The physical changes associated with old age are generally described as decay and deterioration, in comparison with the "normal" young and healthy body, although ageing is a continuous process throughout life. This projects looks at the significance of ageing in relation to perceptions of the body and health, and how interpretations of ageing are influenced by cultural beliefs and values.
Åsa Alftberg, Division of Ethnology
Susanne Lundin, Division of Ethnology
Dissertation year: 2012
Department: Department of Arts and Cultural Sciences
People in the welfare society are living longer and longer. Nevertheless, the general image of ageing is often negative. Ageing is associated with illness, loneliness and dependence on others. Being identified as old can feel alien. It is not the person’s own perception, but rather something that is attributed to the individual by others.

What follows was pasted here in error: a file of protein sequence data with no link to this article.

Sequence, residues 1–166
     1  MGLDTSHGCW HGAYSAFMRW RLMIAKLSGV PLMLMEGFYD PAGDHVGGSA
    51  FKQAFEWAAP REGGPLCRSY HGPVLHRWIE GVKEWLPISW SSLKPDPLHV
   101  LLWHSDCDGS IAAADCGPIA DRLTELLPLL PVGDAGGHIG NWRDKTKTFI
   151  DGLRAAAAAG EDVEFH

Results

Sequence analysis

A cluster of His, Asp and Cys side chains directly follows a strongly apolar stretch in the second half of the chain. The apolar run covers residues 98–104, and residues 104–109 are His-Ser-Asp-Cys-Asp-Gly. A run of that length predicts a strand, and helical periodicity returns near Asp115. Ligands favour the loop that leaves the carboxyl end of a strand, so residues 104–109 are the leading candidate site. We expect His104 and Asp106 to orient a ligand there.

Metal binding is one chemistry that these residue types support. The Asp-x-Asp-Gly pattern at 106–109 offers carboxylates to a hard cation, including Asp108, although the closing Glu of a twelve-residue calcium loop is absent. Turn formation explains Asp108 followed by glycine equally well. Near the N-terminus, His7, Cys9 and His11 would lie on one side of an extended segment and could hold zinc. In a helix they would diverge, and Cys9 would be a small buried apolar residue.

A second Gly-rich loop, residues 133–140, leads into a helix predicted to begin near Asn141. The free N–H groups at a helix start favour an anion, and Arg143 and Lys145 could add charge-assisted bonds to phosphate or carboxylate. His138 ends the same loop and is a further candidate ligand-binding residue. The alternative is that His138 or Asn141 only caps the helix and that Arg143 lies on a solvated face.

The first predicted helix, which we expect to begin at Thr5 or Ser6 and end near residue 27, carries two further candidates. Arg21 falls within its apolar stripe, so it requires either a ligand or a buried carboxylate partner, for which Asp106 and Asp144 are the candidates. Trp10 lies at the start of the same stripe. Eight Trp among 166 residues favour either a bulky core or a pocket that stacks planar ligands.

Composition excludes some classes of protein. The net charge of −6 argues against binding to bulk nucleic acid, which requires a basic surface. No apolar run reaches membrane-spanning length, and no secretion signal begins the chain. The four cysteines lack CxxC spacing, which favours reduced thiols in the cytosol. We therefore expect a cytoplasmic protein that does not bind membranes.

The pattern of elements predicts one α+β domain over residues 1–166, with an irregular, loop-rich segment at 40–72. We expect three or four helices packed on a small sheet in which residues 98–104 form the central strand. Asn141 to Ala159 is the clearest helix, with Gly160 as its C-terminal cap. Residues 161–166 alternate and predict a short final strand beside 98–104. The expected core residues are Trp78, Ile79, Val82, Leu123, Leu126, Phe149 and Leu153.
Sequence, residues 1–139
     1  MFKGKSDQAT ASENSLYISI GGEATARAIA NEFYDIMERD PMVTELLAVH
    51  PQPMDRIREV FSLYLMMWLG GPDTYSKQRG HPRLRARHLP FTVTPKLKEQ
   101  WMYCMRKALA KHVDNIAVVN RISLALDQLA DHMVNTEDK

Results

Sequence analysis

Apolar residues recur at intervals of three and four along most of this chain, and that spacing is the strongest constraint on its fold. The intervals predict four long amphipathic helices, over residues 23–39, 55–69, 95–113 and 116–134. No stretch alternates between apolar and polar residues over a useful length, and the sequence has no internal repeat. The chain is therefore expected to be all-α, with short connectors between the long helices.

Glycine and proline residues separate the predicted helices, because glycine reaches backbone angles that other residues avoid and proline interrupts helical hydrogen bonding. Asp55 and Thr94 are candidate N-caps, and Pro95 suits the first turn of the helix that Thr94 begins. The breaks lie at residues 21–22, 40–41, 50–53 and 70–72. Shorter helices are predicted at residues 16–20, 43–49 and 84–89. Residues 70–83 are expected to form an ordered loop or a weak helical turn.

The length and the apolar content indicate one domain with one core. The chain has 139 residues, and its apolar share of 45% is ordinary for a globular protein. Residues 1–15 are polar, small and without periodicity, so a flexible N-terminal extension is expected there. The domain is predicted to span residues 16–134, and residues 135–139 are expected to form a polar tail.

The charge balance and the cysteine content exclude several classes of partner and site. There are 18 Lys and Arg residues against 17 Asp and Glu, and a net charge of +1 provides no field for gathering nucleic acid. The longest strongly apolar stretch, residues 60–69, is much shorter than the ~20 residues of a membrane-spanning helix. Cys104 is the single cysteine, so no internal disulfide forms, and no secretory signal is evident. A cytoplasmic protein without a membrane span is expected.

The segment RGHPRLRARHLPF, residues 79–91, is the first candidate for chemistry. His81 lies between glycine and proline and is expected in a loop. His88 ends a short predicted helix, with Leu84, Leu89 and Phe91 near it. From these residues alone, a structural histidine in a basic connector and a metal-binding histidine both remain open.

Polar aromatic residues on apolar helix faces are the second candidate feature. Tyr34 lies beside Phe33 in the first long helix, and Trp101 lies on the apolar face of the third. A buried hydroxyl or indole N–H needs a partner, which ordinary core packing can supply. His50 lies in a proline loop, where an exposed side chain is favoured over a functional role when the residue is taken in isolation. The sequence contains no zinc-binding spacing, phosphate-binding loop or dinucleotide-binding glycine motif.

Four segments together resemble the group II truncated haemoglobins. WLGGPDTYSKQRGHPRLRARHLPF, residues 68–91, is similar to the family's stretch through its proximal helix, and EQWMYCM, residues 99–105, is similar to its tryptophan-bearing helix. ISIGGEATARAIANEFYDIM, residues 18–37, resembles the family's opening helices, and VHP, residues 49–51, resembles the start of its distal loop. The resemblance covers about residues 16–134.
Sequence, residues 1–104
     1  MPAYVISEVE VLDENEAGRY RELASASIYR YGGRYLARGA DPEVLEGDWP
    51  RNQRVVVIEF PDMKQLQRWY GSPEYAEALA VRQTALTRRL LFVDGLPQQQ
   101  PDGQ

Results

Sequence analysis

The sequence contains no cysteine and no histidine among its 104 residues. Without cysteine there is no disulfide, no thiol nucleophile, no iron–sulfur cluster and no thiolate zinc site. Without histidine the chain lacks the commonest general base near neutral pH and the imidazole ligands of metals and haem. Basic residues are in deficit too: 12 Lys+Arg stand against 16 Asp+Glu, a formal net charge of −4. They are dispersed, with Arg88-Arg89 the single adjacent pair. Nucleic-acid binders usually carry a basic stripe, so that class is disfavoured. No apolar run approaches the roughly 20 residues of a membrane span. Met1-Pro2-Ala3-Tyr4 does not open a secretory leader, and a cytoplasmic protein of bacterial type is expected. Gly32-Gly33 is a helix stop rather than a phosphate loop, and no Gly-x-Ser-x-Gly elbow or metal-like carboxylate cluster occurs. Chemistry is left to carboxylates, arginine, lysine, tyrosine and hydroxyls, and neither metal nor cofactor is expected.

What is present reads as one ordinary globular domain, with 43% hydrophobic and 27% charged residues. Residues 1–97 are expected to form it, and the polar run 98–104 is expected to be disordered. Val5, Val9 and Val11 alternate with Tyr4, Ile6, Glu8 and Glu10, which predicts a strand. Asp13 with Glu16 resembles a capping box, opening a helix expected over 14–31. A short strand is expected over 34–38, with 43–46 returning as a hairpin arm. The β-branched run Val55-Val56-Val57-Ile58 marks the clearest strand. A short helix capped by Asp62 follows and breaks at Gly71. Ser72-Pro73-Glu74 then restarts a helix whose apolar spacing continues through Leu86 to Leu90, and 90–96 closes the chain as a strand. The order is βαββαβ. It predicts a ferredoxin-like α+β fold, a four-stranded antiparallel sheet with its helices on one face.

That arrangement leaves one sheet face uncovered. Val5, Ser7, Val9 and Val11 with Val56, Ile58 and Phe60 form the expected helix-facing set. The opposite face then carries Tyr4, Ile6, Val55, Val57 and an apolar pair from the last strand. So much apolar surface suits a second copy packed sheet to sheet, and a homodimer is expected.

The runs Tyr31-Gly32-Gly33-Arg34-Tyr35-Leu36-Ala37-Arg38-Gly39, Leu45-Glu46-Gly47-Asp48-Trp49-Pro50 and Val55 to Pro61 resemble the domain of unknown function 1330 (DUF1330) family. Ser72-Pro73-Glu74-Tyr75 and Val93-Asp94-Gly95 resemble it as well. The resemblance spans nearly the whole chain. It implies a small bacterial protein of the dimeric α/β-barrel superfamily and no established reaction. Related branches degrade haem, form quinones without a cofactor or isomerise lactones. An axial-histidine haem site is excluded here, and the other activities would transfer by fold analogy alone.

In a historical perspective, ageing has been associated with the ability to support oneself. Those who could not work and support themselves any longer were seen as old. Still today, the view of age is linked to perceptions of what is required of a functioning member of society, but the ability to work is now less significant.
This thesis focuses on how elderly people experience and describe ageing, the body and health in relation to everyday activities. How do they deal with the physical changes that take place and how do these affect everyday life? Are there differences between men and women? The study focuses on men and women from the age of 80 and the research method is primarily interviews, but also participant observations.
Content manager: Åsa Alftberg
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Last modified 12 Feb 2010